Kristen R. Ghodsee
Kristen R. Ghodsee
Competition: US & Canada
Education: Bowdoin College
Kristen Ghodsee earned her Ph.D. at UC Berkeley and is the Director and John S. Osterweis Associate Professor in Gender and Women’s Studies at Bowdoin College. Her research interests include the gendered effects of the economic transition from communism to capitalism and the ethnographic study of postcommunist nostalgia in Eastern Europe. Primarily focusing on the southeast European country of Bulgaria, Ghodsee has spent over fifteen years examining the impacts of the transition process on the lives of ordinary men and women. Her early ethnographic research focused on women’s labor in the postsocialist Bulgarian tourism industry and on the effects of political transition on Bulgaria’s Muslim minorities, particularly the Pomaks (or Slavic Muslims). Her later works have been heavily influenced by humanistic anthropology; Ghodsee has experimented with ethnographic fiction, autoethnography, and photoethnography to produce more intimate narratives and images of the disorienting impacts of the collapse of communism on daily life.
Kristen Ghodsee is the author of four books and over two dozen articles, including The Red Riviera: Gender, Tourism and Postsocialism on the Black Sea (Duke University Press, 2005) and Muslim Lives in Eastern Europe: Gender, Ethnicity and the Transformation of Islam in Postsocialist Bulgaria (Princeton University Press 2010), which won the 2010 Barbara Heldt Book Prize, the 2011 John D. Bell Book Prize, the 2011 Harvard Davis Center Book Prize, and the 2011 William Douglass Prize for Best Book in Europeanist Anthropology. She is also the co-author of Professor Mommy: Finding Work/Family Balance in Academia (Rowman & Littlefield, 2011). Her most recent monograph is Lost in Transition: Ethnographies of Everyday Life After Communism (Duke University Press, 2011), which won the 2011 Ethnographic Fiction Prize from the Society for Humanistic Anthropology (for the short story “Tito Trivia”).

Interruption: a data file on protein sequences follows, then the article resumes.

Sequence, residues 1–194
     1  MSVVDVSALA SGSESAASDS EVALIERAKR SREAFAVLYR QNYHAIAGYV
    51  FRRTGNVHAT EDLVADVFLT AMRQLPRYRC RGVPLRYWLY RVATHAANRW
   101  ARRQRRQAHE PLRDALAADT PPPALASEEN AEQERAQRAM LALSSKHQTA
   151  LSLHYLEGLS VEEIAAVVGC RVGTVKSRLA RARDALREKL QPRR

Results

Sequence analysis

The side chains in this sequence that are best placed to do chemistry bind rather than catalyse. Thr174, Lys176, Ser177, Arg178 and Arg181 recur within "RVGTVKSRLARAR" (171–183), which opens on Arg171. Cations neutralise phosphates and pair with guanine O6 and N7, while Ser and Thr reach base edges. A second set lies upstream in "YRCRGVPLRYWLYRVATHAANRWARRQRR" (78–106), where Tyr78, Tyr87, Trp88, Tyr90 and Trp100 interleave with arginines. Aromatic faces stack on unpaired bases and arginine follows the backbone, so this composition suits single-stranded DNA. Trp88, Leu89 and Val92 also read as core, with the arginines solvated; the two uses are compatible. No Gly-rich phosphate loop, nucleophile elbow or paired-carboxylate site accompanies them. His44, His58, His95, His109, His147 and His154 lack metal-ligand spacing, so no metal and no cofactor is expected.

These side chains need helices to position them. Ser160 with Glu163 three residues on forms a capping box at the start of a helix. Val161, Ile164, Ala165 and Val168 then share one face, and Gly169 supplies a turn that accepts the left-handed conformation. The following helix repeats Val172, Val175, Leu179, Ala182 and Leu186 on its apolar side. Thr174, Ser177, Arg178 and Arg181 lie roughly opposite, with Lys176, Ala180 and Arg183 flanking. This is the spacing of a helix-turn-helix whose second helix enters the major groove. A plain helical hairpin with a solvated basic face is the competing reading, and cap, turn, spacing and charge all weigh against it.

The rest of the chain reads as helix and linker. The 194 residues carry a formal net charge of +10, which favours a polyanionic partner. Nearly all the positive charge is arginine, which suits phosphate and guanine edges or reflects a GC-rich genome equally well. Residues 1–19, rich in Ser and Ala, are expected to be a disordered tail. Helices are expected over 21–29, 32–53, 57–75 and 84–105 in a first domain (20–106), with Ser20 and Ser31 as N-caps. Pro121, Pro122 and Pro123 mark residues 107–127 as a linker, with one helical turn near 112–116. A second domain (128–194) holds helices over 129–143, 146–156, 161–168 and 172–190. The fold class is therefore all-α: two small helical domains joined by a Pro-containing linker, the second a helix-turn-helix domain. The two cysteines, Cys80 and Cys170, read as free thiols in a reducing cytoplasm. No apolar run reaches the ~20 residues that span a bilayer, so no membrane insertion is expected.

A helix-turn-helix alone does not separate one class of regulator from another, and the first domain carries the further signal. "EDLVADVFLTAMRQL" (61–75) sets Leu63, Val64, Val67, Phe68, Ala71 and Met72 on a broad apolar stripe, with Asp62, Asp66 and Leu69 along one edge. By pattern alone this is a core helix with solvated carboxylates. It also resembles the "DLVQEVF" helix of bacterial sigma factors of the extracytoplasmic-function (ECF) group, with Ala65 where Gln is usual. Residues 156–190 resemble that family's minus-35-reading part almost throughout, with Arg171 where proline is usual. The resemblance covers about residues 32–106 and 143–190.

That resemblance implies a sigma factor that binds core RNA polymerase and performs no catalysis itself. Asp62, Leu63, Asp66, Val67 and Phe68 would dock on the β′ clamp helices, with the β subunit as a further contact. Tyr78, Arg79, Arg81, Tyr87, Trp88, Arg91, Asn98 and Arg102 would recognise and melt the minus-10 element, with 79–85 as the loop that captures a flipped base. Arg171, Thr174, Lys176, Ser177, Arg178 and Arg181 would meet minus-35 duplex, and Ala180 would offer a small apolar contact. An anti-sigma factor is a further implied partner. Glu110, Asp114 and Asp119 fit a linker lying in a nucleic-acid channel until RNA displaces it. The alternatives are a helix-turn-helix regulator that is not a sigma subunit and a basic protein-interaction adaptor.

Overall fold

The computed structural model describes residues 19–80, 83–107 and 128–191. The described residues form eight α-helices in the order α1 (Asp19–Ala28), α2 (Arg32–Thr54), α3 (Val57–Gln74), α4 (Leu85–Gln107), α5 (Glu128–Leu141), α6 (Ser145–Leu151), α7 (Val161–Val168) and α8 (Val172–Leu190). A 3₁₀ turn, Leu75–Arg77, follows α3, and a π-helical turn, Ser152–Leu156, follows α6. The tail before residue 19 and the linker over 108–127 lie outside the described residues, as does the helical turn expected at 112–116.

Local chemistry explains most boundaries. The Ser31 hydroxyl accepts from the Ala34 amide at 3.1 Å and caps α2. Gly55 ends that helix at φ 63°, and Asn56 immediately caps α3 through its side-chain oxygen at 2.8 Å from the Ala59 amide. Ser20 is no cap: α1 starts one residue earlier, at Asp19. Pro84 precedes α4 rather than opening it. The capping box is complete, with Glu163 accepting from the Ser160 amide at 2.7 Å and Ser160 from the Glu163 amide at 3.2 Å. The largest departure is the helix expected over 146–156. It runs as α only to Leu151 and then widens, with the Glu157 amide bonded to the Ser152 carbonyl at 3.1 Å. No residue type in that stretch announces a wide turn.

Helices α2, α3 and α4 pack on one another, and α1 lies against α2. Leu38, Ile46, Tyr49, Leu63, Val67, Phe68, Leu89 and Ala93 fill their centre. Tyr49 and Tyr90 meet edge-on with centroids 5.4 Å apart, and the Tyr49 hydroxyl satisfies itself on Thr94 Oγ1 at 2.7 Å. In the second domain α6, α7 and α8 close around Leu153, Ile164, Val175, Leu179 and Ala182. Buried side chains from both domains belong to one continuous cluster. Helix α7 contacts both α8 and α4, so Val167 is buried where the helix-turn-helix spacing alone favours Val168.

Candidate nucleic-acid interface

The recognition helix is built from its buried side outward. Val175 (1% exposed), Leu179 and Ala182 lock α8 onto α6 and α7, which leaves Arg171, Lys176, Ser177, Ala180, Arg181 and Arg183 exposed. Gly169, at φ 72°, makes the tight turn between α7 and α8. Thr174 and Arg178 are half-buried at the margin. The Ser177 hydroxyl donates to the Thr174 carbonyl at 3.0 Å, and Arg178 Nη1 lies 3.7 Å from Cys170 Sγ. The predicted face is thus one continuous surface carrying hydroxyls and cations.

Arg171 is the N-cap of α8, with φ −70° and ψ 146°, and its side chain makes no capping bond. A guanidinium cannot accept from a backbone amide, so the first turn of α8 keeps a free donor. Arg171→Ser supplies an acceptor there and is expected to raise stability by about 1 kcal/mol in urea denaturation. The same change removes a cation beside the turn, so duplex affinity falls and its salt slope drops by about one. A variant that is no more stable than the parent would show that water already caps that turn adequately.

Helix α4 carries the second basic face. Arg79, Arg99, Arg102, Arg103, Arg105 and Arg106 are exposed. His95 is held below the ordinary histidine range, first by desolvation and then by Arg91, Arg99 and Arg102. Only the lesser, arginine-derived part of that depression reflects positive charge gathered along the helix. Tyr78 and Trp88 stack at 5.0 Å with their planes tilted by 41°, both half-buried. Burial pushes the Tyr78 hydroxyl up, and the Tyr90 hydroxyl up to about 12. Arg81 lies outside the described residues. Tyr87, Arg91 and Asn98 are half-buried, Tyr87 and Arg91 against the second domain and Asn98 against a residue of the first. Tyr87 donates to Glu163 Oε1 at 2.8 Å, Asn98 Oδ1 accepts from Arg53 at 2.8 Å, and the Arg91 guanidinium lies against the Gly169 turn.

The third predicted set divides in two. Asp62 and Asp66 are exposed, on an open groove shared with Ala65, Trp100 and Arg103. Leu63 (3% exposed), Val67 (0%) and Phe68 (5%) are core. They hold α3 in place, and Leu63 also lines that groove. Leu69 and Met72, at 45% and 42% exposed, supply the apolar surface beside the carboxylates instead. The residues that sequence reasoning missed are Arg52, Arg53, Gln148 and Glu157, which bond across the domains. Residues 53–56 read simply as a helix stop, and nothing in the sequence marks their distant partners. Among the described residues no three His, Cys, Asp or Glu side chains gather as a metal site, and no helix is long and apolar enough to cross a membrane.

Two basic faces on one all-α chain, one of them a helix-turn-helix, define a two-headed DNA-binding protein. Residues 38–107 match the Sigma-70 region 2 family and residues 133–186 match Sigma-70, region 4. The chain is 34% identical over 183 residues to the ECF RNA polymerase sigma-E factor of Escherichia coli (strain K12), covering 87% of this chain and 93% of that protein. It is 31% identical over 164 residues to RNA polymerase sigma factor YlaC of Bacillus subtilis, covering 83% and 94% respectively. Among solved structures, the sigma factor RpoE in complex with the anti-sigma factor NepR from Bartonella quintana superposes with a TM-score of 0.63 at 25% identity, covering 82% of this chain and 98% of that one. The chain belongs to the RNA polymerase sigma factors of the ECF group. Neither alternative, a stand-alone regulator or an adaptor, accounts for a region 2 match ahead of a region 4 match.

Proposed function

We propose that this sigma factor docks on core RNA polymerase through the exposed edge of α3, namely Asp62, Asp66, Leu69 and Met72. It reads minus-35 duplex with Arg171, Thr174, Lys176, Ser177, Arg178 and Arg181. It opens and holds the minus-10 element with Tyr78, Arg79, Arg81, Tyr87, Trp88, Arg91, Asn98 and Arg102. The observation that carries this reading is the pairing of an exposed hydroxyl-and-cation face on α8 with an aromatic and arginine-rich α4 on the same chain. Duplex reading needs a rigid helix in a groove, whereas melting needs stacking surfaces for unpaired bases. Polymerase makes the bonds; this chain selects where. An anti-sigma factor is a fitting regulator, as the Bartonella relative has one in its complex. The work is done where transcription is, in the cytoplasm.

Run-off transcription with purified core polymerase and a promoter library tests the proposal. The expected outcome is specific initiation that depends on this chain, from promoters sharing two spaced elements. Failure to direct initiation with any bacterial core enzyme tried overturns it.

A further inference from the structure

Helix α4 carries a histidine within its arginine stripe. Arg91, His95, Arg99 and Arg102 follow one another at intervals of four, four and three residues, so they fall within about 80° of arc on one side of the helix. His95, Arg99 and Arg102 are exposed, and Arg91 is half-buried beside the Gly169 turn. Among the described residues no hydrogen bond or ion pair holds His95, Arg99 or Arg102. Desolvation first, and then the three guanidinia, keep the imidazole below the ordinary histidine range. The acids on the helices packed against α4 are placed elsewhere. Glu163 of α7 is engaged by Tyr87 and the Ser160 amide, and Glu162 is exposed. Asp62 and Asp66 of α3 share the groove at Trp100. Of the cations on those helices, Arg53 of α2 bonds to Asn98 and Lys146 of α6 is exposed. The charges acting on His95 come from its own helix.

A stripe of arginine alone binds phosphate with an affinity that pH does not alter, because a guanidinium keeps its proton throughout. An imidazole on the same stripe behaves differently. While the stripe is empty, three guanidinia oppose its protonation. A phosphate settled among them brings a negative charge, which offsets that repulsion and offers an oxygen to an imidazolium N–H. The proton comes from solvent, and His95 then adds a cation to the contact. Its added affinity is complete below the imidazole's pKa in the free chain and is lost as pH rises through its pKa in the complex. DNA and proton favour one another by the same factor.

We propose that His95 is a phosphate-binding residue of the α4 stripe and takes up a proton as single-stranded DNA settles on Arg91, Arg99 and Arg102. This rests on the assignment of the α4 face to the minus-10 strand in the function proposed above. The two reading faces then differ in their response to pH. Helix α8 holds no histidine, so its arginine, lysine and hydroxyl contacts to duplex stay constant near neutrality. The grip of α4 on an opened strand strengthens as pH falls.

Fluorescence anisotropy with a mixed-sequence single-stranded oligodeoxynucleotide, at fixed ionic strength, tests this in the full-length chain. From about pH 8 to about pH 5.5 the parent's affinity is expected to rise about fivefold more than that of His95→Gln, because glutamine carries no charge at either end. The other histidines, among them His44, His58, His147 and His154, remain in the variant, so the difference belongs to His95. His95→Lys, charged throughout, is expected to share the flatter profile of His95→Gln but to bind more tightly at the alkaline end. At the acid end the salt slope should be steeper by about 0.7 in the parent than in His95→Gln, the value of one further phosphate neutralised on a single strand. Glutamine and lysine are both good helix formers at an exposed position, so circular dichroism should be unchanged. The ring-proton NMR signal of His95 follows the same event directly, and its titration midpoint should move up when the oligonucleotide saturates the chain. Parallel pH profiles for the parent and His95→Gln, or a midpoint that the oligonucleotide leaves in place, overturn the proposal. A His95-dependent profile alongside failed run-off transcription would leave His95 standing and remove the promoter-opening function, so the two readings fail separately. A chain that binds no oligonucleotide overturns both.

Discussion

Her research in Eastern Europe has been supported by: the National Science Foundation (NSF), Fulbright Foundation, the National Council on Eurasian and East European Research (NCEEER), the International Research and Exchanges Board (IREX), and the American Council of Learned Societies (ACLS). Kristen Ghodsee has also won residential research fellowships at the Woodrow Wilson International Center for Scholars in Washington, D.C.; the Max Planck Institute for Demographic Research in Rostock, Germany; the Institute for Advanced Study in Princeton, New Jersey, and the Radcliffe Institute for Advanced Study at Harvard University.
As a Guggenheim Fellow, Ghodsee will be investigating the history of the communist-era Bulgarian women’s movement and its influential role among progressive African women between 1968 and 1990.